“My brother died suddenly when I was 17”

 

Gina Lee Lyons had a perfectly normal childhood until her Dad left her Mum when she was 12. That started a chain of events including the family losing their home, and her older brother spending time in a category A prison. When she was 17, Gina’s brother was killed suddenly in a car accident.

 

How trauma shapes lives

We talk about how Gina’s mum gradually became an alcoholic, and how Gina herself “got through” those years, without really dealing with her own despair, or processing any of the ordeals she’d suffered at such a young age.

I was struck by how strong Gina was as a teenager, and actually, how strong all of us are capable of being when faced with terrible situations that just need to be dealt with. But it was clear, as Gina details in this episode, that pushing problems aside doesn’t stop them hurting us – it just means we end up addressing them later in life.

 

 

Using humour to get through dark moments

Gina is now a mum of two young children, but when I talked to her she was in the middle of penning a comedy screenplay about her life, as part of her job in TV production and comedy scriptwriting. We talked about how a dark sense of humour helped all her family to get through some very difficult moments, but that all of them had to deal with their emotions on a deeper level eventually.

“I didn’t go through anything, because I was still in it, and it was only having therapy that I was like – Ok, that part of my life was trauma, and you have to go through trauma to understand it.”

Listen to the podcast to hear more on how Gina put the terrible experiences of her teenage years into perspective, and was able to move forwards after therapy.

 

Useful links on coming to terms with severe grief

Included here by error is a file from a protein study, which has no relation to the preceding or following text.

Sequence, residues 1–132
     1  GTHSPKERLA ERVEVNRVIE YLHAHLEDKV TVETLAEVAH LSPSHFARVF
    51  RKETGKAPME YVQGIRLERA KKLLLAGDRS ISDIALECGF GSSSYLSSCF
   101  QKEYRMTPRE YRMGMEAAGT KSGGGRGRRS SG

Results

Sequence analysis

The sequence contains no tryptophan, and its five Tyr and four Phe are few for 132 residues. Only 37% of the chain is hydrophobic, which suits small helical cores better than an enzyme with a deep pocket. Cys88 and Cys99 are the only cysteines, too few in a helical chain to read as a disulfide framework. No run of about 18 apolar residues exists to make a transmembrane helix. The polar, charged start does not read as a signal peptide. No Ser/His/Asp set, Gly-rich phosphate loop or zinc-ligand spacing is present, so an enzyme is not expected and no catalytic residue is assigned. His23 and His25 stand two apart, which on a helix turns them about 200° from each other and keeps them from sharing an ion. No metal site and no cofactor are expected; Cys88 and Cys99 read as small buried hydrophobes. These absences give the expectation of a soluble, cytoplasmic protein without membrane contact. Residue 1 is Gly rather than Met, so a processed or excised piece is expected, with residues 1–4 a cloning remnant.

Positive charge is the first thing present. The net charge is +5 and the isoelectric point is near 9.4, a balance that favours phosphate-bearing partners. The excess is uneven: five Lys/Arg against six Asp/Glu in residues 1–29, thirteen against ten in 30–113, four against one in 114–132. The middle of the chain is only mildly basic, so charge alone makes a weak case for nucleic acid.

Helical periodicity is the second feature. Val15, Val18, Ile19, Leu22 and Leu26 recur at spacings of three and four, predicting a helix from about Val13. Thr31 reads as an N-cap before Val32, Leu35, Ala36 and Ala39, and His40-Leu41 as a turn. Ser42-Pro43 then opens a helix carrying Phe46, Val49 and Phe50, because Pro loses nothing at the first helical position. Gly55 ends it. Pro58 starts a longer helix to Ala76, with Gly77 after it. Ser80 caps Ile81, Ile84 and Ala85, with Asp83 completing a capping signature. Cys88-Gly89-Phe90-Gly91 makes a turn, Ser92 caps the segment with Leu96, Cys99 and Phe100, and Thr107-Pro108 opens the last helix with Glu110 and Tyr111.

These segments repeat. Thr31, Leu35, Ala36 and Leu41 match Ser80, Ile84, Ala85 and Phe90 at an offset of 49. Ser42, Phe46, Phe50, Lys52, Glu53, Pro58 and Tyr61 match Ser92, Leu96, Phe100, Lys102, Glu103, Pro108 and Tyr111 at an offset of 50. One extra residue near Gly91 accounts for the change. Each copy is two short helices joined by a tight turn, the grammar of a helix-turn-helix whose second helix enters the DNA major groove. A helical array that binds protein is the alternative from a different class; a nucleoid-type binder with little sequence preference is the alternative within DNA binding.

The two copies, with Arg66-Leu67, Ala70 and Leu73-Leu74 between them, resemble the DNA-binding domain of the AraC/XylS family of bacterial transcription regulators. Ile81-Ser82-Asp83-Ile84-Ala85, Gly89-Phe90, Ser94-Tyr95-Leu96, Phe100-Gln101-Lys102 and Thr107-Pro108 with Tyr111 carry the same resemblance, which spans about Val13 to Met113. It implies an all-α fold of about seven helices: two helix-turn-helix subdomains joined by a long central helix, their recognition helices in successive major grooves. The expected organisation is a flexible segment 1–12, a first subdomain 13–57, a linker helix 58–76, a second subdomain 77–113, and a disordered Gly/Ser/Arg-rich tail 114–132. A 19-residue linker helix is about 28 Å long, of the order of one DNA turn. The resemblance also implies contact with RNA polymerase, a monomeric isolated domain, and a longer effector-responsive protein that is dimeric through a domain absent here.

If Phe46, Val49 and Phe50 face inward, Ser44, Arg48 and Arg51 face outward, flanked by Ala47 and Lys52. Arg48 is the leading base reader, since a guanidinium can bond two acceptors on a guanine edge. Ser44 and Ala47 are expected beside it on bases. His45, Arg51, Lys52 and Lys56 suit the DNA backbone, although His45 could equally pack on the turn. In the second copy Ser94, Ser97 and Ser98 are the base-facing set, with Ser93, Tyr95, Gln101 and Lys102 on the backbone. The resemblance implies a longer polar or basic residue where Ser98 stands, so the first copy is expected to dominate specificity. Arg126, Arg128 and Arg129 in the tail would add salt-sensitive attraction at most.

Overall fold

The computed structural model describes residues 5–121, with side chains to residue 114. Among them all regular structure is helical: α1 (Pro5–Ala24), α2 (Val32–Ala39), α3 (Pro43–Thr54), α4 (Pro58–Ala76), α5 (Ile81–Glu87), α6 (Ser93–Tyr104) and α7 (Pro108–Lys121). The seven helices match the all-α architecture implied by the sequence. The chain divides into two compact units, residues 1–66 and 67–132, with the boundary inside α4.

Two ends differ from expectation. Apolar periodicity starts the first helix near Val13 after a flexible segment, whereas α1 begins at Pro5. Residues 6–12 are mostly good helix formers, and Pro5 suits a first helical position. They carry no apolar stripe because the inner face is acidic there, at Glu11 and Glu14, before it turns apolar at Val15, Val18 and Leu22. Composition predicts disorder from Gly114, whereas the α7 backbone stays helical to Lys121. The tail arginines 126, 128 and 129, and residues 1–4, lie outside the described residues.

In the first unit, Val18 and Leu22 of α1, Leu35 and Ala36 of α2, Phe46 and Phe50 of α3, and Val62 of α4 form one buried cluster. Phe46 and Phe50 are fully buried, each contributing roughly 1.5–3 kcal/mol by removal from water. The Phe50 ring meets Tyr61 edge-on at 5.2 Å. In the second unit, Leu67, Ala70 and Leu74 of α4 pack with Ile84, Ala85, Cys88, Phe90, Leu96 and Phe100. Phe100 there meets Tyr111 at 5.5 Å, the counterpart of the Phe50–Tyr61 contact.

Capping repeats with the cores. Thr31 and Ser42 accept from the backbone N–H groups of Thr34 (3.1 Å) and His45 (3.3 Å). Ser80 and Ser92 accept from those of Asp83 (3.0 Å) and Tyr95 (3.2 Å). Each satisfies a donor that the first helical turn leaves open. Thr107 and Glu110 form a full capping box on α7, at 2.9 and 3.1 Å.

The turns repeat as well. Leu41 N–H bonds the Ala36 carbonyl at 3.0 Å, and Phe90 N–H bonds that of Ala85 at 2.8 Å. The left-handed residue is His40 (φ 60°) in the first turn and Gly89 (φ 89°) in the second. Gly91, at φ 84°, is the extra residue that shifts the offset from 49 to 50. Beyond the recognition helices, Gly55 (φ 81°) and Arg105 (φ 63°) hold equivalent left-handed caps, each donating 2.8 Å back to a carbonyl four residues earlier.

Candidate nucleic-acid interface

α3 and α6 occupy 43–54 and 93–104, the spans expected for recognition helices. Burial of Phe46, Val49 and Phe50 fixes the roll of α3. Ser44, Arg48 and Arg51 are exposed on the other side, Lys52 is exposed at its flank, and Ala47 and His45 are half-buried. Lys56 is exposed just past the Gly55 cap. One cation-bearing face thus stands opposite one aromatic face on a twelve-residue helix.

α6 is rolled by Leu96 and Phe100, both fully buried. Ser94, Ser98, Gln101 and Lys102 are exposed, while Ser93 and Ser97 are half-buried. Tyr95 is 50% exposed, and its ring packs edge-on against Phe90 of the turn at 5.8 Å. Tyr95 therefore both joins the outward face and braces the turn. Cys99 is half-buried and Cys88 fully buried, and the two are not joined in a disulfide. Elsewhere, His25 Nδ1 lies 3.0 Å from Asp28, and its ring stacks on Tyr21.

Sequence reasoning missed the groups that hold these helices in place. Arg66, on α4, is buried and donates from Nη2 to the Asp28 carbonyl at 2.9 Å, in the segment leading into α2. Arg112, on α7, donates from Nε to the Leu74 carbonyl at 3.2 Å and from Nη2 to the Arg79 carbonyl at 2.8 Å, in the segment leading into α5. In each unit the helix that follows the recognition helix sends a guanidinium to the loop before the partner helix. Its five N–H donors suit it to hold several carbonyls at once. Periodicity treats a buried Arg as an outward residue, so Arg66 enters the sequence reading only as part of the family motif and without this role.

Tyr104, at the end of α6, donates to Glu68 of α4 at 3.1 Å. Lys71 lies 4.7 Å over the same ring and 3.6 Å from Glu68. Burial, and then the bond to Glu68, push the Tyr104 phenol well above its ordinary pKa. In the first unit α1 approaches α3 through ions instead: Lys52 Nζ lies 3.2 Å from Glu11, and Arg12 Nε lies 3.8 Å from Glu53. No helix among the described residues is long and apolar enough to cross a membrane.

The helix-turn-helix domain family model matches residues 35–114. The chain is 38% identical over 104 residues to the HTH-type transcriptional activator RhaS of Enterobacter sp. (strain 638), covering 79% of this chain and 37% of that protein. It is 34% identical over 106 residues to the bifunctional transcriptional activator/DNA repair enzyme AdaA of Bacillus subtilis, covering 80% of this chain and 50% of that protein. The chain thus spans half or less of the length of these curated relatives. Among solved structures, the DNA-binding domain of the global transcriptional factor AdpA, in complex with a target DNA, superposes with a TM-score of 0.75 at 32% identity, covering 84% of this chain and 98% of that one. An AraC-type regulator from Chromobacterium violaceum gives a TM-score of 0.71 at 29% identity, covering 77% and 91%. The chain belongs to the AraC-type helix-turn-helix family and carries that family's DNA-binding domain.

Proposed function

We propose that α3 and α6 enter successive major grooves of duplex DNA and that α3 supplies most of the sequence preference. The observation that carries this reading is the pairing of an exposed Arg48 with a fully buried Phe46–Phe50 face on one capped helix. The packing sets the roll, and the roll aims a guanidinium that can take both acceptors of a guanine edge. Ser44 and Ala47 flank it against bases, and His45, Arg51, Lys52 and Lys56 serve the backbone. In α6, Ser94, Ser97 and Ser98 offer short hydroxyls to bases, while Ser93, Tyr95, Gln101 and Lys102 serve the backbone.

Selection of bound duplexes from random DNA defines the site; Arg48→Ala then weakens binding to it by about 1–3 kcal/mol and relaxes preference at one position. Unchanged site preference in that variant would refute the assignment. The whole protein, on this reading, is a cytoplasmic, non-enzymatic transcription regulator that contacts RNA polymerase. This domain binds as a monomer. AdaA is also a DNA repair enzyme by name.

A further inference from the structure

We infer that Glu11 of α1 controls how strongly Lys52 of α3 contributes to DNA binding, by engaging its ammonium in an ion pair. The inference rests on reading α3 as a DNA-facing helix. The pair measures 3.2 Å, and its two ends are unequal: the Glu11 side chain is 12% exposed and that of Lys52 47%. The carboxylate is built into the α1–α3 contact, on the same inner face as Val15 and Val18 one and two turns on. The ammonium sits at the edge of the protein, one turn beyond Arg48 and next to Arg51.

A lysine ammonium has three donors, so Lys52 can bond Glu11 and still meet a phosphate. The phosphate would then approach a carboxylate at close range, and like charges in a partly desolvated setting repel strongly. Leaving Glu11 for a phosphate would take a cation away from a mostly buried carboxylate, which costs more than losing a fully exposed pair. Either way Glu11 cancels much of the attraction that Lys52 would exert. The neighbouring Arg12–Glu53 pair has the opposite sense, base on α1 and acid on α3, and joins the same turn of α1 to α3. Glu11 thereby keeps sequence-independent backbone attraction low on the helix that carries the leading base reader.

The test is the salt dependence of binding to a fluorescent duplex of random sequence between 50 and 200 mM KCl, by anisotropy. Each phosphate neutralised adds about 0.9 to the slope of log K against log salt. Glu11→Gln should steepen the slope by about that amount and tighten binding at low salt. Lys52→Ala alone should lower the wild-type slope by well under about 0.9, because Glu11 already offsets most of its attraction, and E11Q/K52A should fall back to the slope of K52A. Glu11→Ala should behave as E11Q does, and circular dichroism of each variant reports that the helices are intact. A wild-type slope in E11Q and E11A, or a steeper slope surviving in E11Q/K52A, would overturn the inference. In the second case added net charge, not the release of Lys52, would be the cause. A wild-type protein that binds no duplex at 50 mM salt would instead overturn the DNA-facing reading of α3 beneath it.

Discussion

If you’d like to connect with Gina you can find her here:

 

Where to listen to the podcast:

You can find the episode in your usual podcast app, or if you prefer, you can listen online below.

 

 

Thank you so much for listening! Subscribe now to the Teenage Kicks podcast to hear about the new series when it begins. I’ll be talking to some fabulous guests about difficult things that happened to them as teenagers – including losing a parent, being hospitalised with mental health problems, and battling an eating disorder – and how they overcame things to move on with their lives.

I’d love it if you’d rate and review the podcast on iTunes too – it would really help other people to find it. You can also find more from me on parenting teenagers on my blog Actually Mummy, and on Instagram and Twitter @iamhelenwills.

For information on your data privacy please visit Podcast.co.

 

Pin for later

 

 

Join me in the Teenage Kicks Facebook group!

 

If you’re a parent of teens it can be difficult to know where to go for advice, to vent, or just to talk. So I’ve made the Teenage Kicks Facebook group, for all parents of teenagers to chat in a safe space. You can request to join by clicking the button below. It’s a private group and everyone in there will be a parent of teenagers.

And if you’re stuck for how to engage with your teenager, this list of things for teens to do might be helpful.

shares
style="width:130px;height:130px" Hspace="3" Vspace="3"